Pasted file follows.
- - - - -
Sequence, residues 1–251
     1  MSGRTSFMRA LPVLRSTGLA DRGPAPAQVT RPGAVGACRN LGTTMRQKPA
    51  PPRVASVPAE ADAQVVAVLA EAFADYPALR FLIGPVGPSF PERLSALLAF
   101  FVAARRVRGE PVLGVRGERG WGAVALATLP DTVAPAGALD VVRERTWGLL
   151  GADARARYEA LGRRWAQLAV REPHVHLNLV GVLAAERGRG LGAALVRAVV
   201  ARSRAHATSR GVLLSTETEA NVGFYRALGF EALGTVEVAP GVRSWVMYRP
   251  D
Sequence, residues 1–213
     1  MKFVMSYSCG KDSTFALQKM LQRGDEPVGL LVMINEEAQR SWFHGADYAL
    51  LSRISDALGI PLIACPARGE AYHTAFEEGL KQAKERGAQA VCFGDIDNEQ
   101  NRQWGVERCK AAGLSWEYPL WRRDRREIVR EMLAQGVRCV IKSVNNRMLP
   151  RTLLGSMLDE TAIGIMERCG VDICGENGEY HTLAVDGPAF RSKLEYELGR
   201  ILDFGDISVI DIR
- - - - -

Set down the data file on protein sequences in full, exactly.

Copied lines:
Sequence, residues 1–251
     1  MSGRTSFMRA LPVLRSTGLA DRGPAPAQVT RPGAVGACRN LGTTMRQKPA
    51  PPRVASVPAE ADAQVVAVLA EAFADYPALR FLIGPVGPSF PERLSALLAF
   101  FVAARRVRGE PVLGVRGERG WGAVALATLP DTVAPAGALD VVRERTWGLL
   151  GADARARYEA LGRRWAQLAV REPHVHLNLV GVLAAERGRG LGAALVRAVV
   201  ARSRAHATSR GVLLSTETEA NVGFYRALGF EALGTVEVAP GVRSWVMYRP
   251  D
Sequence, residues 1–213
     1  MKFVMSYSCG KDSTFALQKM LQRGDEPVGL LVMINEEAQR SWFHGADYAL
    51  LSRISDALGI PLIACPARGE AYHTAFEEGL KQAKERGAQA VCFGDIDNEQ
   101  NRQWGVERCK AAGLSWEYPL WRRDRREIVR EMLAQGVRCV IKSVNNRMLP
   151  RTLLGSMLDE TAIGIMERCG VDICGENGEY HTLAVDGPAF RSKLEYELGR
   201  ILDFGDISVI DIR